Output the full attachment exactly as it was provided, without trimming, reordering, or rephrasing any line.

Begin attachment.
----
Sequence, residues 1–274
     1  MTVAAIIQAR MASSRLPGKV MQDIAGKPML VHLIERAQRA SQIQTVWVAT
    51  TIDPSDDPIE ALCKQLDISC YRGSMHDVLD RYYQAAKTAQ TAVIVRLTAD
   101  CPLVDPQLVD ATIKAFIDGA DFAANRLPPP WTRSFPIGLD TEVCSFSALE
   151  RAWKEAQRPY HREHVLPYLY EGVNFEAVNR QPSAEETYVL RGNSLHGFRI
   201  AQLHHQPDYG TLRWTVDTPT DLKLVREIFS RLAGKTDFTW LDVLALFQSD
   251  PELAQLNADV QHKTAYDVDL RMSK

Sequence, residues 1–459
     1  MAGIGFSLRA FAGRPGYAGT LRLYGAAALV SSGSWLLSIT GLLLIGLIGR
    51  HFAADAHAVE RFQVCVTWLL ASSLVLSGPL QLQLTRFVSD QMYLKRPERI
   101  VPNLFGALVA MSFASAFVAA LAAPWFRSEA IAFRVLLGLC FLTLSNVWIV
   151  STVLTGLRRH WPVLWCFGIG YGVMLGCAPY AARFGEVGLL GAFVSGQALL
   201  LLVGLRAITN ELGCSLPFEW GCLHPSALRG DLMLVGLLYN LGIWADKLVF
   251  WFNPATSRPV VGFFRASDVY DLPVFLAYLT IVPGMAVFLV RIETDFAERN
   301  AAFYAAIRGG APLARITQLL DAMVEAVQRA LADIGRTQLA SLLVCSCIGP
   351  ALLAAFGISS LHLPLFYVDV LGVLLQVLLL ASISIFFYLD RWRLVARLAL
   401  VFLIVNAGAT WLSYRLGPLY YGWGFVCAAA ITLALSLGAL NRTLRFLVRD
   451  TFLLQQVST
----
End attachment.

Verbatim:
Sequence, residues 1–274
     1  MTVAAIIQAR MASSRLPGKV MQDIAGKPML VHLIERAQRA SQIQTVWVAT
    51  TIDPSDDPIE ALCKQLDISC YRGSMHDVLD RYYQAAKTAQ TAVIVRLTAD
   101  CPLVDPQLVD ATIKAFIDGA DFAANRLPPP WTRSFPIGLD TEVCSFSALE
   151  RAWKEAQRPY HREHVLPYLY EGVNFEAVNR QPSAEETYVL RGNSLHGFRI
   201  AQLHHQPDYG TLRWTVDTPT DLKLVREIFS RLAGKTDFTW LDVLALFQSD
   251  PELAQLNADV QHKTAYDVDL RMSK

Sequence, residues 1–459
     1  MAGIGFSLRA FAGRPGYAGT LRLYGAAALV SSGSWLLSIT GLLLIGLIGR
    51  HFAADAHAVE RFQVCVTWLL ASSLVLSGPL QLQLTRFVSD QMYLKRPERI
   101  VPNLFGALVA MSFASAFVAA LAAPWFRSEA IAFRVLLGLC FLTLSNVWIV
   151  STVLTGLRRH WPVLWCFGIG YGVMLGCAPY AARFGEVGLL GAFVSGQALL
   201  LLVGLRAITN ELGCSLPFEW GCLHPSALRG DLMLVGLLYN LGIWADKLVF
   251  WFNPATSRPV VGFFRASDVY DLPVFLAYLT IVPGMAVFLV RIETDFAERN
   301  AAFYAAIRGG APLARITQLL DAMVEAVQRA LADIGRTQLA SLLVCSCIGP
   351  ALLAAFGISS LHLPLFYVDV LGVLLQVLLL ASISIFFYLD RWRLVARLAL
   401  VFLIVNAGAT WLSYRLGPLY YGWGFVCAAA ITLALSLGAL NRTLRFLVRD
   451  TFLLQQVST